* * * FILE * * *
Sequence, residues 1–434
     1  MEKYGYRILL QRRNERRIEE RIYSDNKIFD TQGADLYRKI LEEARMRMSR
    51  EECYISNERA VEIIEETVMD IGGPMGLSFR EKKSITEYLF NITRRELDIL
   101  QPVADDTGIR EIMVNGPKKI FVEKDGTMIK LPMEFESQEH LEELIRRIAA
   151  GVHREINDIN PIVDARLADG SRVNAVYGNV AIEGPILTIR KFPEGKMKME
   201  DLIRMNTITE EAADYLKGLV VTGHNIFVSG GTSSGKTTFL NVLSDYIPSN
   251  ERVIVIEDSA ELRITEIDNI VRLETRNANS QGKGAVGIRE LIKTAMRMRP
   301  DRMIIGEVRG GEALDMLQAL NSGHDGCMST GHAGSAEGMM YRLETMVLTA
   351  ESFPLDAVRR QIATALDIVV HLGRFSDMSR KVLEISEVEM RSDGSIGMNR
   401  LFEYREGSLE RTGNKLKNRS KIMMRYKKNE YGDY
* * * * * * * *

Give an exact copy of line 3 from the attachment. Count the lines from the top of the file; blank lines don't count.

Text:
    51  EECYISNERA VEIIEETVMD IGGPMGLSFR EKKSITEYLF NITRRELDIL